Tesla admits Cybertruck won’t end slowdown in growth
Elon Musk’s lips are remaining sealed when it comes to details of his upcoming low-cost car. Patrick Pleul – Paul/AFP via Getty Images
Elon Musk’s Tesla won’t return to the high growth rates it achieved last year until its still-in-development entry model arrives — and not even the highly anticipated Cybertruck can change that.
The stainless steel pickup, Tesla’s first new vehicle since the Model Y was launched in March 2020, has been a major pillar of investor hope ahead of the November 30 delivery event, when the final price and specifications of the vehicle are expected to be revealed.
Its engineering has proven to be extremely complex, however, and Musk warned last month that it would only be halfway through year after year before it could even achieve a daily production run rate of 250,000 trucks per year, meaning that even then… Production is likely to be well below this figure in 2025.
Meanwhile, Tesla will have to rely on its existing lineup of older models than ever before, led by the base 3 midsize sedan and the Y crossover that together account for more than nine out of 10 Tesla vehicles sold. To prevent sales from declining as Musk shifted from his traditional customer base of early adopters to serving the average everyday car buyer, Musk was forced to cut prices and lose profits.
“Tesla frankly admitted that the company is now going through an intermediate period of low growth,” wrote Deutsche Bank analyst Emanuel Rosner, citing a meeting with its head of investor relations, Martin Visha.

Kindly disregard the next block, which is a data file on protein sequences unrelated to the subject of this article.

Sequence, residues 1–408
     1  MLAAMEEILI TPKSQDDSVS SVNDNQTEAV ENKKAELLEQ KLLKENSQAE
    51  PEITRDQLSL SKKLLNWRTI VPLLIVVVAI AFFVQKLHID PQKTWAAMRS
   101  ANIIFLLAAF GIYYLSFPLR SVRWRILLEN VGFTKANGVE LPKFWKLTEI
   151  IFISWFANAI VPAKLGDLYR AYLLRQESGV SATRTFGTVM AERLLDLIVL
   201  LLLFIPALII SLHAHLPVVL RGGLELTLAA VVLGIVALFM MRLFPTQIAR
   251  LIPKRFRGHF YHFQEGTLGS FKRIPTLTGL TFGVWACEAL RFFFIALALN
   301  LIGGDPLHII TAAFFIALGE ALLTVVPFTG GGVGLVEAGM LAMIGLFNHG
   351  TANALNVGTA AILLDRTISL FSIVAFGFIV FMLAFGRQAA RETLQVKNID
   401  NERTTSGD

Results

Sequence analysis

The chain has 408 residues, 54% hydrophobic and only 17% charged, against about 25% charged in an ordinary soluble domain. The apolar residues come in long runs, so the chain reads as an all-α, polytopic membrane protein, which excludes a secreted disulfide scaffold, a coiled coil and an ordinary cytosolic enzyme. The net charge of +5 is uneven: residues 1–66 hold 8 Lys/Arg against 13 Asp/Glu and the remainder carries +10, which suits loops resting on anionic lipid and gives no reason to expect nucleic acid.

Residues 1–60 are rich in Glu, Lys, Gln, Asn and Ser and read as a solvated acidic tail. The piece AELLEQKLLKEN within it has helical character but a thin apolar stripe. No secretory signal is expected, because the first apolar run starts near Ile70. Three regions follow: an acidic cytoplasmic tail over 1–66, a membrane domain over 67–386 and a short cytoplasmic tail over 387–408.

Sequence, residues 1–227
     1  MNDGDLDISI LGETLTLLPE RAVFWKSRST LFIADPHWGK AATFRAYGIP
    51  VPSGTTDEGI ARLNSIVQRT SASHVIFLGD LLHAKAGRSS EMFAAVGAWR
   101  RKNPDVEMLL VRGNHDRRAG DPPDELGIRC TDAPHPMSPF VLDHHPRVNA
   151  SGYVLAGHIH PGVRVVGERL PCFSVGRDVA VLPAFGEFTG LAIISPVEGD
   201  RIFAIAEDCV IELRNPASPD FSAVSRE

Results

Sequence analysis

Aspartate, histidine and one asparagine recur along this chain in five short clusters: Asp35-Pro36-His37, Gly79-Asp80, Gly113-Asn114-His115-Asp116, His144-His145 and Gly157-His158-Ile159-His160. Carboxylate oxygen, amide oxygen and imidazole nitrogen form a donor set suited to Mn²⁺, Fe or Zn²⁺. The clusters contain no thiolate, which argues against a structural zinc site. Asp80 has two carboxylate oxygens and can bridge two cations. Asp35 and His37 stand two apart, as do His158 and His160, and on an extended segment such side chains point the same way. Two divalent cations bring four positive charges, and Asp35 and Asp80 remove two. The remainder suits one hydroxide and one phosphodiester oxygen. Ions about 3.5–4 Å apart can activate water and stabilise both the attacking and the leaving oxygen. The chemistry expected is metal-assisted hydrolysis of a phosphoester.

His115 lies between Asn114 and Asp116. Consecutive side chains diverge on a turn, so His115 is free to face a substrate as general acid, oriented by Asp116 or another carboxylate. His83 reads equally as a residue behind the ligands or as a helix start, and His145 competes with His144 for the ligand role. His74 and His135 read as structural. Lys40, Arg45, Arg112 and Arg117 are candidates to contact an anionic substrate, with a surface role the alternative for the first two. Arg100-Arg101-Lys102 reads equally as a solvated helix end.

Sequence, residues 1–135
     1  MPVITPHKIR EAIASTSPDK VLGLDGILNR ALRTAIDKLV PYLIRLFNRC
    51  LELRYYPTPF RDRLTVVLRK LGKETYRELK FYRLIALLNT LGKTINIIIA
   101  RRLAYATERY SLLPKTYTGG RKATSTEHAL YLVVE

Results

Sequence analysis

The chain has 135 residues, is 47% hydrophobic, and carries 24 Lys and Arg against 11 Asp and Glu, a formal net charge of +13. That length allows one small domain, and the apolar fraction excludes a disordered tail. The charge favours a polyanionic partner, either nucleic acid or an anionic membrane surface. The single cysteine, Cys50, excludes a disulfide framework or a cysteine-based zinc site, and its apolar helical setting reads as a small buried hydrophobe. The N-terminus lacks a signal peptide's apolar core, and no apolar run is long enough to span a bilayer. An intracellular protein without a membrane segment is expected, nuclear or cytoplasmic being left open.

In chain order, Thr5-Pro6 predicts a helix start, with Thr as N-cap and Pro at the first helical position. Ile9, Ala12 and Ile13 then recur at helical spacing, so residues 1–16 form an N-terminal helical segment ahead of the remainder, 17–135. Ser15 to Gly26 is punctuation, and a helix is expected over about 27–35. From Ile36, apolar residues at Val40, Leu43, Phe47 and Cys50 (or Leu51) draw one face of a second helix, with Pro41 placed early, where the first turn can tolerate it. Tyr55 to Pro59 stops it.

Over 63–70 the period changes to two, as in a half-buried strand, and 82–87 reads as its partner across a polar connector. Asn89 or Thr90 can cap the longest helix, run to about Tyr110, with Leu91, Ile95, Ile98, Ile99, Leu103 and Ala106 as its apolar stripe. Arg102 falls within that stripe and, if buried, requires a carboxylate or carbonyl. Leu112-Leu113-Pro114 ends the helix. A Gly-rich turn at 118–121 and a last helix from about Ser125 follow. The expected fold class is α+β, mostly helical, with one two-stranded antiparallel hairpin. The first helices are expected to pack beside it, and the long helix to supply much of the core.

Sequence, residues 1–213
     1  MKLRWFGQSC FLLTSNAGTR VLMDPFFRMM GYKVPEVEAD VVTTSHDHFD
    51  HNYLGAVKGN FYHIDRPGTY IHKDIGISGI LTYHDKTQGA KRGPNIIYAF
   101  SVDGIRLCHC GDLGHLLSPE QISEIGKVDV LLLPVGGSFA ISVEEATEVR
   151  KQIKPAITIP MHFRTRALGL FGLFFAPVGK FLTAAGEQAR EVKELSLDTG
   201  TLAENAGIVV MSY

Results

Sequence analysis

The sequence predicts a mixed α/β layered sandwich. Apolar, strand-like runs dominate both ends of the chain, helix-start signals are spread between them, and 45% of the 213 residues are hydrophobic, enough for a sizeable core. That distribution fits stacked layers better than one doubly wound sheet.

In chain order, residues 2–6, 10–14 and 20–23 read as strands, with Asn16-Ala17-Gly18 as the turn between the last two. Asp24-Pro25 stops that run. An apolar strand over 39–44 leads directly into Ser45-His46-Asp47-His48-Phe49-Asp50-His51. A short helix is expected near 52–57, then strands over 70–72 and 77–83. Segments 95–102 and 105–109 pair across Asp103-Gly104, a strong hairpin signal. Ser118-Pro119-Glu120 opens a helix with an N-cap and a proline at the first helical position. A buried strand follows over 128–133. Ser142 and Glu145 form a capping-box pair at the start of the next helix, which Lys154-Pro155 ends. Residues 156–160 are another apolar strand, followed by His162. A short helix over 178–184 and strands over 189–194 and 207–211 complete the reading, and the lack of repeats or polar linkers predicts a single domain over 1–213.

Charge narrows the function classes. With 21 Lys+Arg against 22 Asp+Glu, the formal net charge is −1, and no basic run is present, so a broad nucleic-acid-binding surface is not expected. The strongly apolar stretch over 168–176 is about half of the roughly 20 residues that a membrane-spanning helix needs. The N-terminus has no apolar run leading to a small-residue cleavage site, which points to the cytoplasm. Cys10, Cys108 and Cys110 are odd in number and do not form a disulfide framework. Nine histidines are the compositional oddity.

This puts pressure on the next-generation platform to deliver on Tesla’s high growth ambitions. This vehicle architecture is expected to support a whole new range of models, starting with what is believed to be a custom robotic truck and a $25,000 car.
At the annual general meeting in May, Musk estimated that the duo could account for 5 million electric vehicles annually, more than double the forecast of 1.8 million for the entire company this year.
There is no rendering, diagram, or indication of what the car will look like
Vicha confirmed his statements to investors on social media, to publish “We are between two major waves of growth.”
When the $25,000 model will launch this next phase of growth is anyone’s guess at this point. Musk refuses to go all out to build his fifth auto factory in Mexico where the low-cost car will be made.
Speculation has now emerged that Tesla’s two currently underutilized factories in Texas and Germany could begin producing the model before the new Gigafactory comes online.
“While Tesla was not prepared to discuss the timing of the next-generation vehicle, or its original assembly location, it indicated that the internal timeline remains unchanged and on track,” Deutsche’s Rosner added.
At the company’s investor day in March, Vice President of Engineering Lars Moravy hinted that it might take two years. This roughly coincides with Musk’s financier Ron Barron’s prediction last week that the model would be 12 to 18 months away.
However, automakers usually at least tease the design upfront, if not the entire car. The Semi and Cybertruck, currently undergoing initial test production, were unveiled at the end of 2017 and late 2019, respectively. The seemingly logical conclusion is that Tesla has not yet approved the final design for its low-cost car.
However, Musk may be holding off, as he is still so singularly reliant on the 3 and Y for sales that he can’t afford customers to put off buying a new car in the expectation that a more convenient Tesla model will be around the corner.